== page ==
Law-Paul V. State Family Services Agency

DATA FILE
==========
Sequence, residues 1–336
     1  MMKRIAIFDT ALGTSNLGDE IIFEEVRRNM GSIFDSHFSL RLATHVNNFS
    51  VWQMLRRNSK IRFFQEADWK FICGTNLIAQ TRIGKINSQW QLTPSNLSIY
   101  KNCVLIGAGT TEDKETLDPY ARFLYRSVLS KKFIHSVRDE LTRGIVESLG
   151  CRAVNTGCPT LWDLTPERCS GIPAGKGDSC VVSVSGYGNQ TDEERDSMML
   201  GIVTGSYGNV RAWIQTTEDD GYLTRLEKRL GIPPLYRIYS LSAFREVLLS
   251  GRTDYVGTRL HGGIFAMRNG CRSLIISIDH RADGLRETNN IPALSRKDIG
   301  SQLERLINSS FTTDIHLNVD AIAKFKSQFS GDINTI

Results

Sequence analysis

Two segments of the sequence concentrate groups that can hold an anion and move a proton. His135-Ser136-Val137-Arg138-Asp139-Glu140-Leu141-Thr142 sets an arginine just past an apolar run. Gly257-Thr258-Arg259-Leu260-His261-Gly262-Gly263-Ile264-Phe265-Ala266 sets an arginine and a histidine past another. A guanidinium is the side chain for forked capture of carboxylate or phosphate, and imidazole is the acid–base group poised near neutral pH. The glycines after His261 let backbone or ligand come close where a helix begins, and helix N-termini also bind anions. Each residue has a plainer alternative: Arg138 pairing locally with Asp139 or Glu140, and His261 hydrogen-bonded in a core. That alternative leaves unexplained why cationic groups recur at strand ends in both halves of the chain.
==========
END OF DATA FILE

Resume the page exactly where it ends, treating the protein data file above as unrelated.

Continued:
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I. Paul v. State family services agency 1)Standard of care In this case, Paul had been neglected by his mother twice and he was under the trust of the state family agency which did not respond to the phone call made by Deirdre’s neighbour regarding the second fall.Paul had from the balcony.Paul could allege that the State family services agency was negligent in two different ways: first, by returning him to his mother’s care before she was able to look after him properly; secondly, by failing to intervene to take him back into State care after receiving the neighbour’s telephone call. The State family owes Paul a certain standard of care, in the matter relating to the past encounter they have had with Deirdre being unfit to take custody over Paul The subject of whether the State family services agency acted negligently would rely upon an evaluation of what a reasonable agency in the same position would have done, which would be a mixed question of fact and law for the jury to decide. It is not clear what kind of a review the agency undertook before returning Paul to Deirdre’s care, but it did take some steps to satisfy itself “that Deirdre’s addictions were under control and that she was capable of looking after her son”. If it acted with reasonable care in making that assessment, then obviously it will not be held liable because it was not negligent at all. 2)Proximate Cause A proximate cause can be defined as a cause that is enough or sufficient to inflict a liability. It can be considered as an omission or an act considered in law resulting to a consequence so that liability can be imposed on the one who performed the act. It must be the cause that produced the event directly. Proximate cause is links negligence to liability when it is used in Tort law for an injury inflicted by an accident. Furthermore, there can be more than one proximate cause of
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